John Ford’s deep and varied representation of Irish-Americans and THE LAST HURRAH

By October 7, 2019Uncategorized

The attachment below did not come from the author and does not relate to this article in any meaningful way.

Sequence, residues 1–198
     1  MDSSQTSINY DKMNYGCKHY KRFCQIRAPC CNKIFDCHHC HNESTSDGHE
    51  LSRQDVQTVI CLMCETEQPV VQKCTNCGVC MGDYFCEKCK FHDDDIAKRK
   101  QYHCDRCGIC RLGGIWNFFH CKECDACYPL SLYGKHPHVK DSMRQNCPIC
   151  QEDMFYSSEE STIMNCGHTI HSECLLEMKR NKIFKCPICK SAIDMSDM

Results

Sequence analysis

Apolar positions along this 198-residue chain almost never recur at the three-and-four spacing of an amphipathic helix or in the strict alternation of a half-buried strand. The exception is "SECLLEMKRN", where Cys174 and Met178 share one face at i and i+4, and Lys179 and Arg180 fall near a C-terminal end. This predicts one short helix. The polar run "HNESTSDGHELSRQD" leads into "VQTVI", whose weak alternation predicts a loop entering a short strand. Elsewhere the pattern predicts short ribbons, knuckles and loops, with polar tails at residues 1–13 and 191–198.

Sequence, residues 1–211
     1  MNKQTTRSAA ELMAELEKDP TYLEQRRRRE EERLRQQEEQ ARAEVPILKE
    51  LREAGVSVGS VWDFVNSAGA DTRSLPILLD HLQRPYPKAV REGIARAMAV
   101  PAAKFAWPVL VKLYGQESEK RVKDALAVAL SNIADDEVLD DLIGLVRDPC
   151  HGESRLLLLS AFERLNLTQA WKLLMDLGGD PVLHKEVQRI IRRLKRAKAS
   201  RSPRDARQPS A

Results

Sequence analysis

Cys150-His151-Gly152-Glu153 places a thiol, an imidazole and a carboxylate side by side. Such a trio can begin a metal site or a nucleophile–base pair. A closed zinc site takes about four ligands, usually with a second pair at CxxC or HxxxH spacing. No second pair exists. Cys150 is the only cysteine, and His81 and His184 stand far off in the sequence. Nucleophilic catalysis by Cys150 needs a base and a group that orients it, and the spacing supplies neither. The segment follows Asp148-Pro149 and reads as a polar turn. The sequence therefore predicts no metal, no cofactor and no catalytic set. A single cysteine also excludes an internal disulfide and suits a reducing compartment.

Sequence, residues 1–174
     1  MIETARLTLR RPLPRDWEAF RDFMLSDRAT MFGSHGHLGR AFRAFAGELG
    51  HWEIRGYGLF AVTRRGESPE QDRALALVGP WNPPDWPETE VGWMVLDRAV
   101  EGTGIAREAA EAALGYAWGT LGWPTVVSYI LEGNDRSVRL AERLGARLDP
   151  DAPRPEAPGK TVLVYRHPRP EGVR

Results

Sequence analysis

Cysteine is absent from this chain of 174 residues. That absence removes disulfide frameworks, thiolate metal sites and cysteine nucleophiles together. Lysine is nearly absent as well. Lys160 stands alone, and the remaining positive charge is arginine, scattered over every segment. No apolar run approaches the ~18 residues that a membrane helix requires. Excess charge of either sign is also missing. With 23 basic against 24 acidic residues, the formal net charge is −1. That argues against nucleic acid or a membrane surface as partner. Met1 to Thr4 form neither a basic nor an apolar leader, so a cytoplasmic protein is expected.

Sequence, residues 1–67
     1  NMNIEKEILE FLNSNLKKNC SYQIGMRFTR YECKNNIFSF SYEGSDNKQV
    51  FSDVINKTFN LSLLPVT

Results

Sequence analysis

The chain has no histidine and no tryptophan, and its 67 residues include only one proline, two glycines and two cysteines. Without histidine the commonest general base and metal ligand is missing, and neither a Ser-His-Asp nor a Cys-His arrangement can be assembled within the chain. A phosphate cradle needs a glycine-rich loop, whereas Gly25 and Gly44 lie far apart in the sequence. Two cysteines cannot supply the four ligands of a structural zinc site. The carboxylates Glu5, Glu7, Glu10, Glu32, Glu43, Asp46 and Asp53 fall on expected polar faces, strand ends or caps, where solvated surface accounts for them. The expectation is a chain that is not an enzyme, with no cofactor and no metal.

Portland son (technically, Cape Elizabeth son) John Feeney, who we know as John Ford, is known for his Western films, but the films exploring his Irish and Irish-American heritage — THE QUIET MAN (1952), THE INFORMER (1935), THE SHAMROCK HANDICAP (1926) and others — are deep and varied in subject, source and mood. It was not so long ago the Irish in America were looked down upon, marginalized immigrants with questionable loyalties, not assimilated US citizens. The Maine KKK of the 1920s grew in response to the “invasion” (to use a contemporary word describing refugees) of Irish Catholic immigrants. Massachusetts’ Yankee Protestants resisted sharing power and status with Irish-Americans. Spencer Tracy’s Frank Skeffington, based on Boston mayor and Massachusetts governor James Michael Curly, is the son of immigrants who uses politics and associated power to rise from poverty. Of course, even as Tracy’s Skeffington is a sympathetic character, power corrupts. Kinonik co-sponsors this screening with the Munjoy Hill Neighborhood Organization. Unlike our other screenings this film will be shown as a digital projection. 10/7 at 7 PM at St. Lawrence Arts.

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